Despite a 2015 hack that left the information of more than 37 million users on the infamous cheating site Ashley Madison vulnerable, millions of new members have flooded to the site since, registering at a clip of 400,000 new global users per month, the company said.
While the site had around 37 million user accounts at the time of the cyberattack, a spokesperson for Ashley Madison confirmed to FOX Business Monday that less than two years later, nearly 16 million more user accounts have been created, bringing the total to 52.7 million. That is up from the more than 46 million the company reported having as of July 2016.
Further, the company said 200,000 users are making new connections in the U.S. alone each month, showing concerns over confidentiality and discretion may not outweigh the perceived benefits for members.
"Despite the set back of 2015, we continue to see interest in what we offer; namely a place for like-minded people from around the world to connect and find something more beyond the boundaries of monogamy," a spokesperson for the company told FOX Business.
Instead of deterring users, the company indicated to The New York Post that the hack actually may have contributed to a rise in membership: “In the summer of 2015 we experienced unprecedented media coverage of our business,” a spokesperson said.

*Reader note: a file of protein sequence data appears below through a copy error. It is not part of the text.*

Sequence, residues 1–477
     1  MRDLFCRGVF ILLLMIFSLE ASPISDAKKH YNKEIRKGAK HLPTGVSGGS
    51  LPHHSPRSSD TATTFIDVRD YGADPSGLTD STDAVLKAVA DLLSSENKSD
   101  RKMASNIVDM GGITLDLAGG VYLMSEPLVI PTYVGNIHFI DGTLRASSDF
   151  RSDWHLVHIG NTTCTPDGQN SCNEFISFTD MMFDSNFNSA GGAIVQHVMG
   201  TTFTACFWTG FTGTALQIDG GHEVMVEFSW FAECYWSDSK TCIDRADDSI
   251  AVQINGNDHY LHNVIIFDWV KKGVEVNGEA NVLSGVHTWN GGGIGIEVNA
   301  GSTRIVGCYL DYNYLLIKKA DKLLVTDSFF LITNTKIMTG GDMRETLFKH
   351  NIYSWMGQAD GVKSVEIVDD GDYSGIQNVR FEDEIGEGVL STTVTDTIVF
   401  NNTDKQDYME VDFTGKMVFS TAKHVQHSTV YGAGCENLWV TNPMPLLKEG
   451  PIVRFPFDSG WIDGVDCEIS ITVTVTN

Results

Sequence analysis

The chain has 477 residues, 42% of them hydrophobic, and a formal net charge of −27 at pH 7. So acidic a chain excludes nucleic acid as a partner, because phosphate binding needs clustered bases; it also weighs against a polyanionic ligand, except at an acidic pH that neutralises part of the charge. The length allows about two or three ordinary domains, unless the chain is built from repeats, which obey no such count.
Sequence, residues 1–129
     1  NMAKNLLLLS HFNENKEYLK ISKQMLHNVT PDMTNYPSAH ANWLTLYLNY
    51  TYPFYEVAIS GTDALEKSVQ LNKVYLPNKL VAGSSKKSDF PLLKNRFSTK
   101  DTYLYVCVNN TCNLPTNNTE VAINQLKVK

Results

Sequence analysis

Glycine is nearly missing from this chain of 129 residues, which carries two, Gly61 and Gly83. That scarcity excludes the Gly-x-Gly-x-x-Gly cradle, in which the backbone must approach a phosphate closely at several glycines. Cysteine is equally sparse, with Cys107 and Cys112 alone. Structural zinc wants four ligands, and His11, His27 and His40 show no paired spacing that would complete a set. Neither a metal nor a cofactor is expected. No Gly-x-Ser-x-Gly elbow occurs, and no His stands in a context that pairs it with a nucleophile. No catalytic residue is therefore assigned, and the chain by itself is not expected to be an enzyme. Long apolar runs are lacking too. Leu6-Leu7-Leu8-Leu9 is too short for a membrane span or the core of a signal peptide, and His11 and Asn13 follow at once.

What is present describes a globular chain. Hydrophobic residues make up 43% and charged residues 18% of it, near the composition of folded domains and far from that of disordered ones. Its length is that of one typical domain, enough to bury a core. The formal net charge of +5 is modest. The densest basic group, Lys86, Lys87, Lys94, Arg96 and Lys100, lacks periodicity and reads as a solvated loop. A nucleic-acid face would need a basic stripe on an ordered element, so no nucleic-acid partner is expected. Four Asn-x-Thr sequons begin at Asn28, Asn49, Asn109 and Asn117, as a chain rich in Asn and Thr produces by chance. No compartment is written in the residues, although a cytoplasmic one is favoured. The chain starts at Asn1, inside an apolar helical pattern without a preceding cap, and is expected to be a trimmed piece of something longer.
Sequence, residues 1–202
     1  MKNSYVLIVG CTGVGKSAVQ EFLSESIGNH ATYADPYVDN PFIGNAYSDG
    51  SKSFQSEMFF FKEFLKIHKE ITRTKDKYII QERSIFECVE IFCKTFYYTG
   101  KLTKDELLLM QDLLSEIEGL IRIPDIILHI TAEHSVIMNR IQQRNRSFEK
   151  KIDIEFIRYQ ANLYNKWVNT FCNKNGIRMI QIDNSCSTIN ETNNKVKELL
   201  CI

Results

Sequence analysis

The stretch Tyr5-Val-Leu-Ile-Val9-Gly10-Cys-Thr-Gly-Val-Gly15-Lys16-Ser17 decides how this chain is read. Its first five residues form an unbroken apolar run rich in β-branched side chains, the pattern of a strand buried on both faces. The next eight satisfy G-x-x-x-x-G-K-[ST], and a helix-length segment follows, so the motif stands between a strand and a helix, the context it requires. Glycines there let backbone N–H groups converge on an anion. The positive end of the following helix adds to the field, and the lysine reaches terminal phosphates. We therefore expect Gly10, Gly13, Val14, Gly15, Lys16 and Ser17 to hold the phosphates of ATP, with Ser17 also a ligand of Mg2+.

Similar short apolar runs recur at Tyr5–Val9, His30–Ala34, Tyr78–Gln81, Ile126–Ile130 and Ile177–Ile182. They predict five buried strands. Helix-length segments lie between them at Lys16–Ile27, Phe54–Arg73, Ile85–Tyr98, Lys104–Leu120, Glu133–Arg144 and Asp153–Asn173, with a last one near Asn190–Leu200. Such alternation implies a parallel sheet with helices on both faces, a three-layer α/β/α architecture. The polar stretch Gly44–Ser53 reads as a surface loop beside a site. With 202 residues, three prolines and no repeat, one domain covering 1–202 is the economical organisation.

Ashley Madison, which was launched in 2001, is a “discreet dating” service that primarily targets married men and women who are looking for extramarital relations. The company’s old slogan, “Life is short. Have an affair,” has been brought out of retirement even as the company attempts to diversify into all types of adult dating without pigeonholing itself into affairs.
The 2015 hack exposed the names and email addresses of millions of men and women signed up for the service. Information about whether a spouse was signed up on the site was easily searchable through the data dump. The group who initiated the cyberattack, The Impact Team, stole the information in July 2015 and warned Ashley Madison it would reveal customer data unless the site was shut down.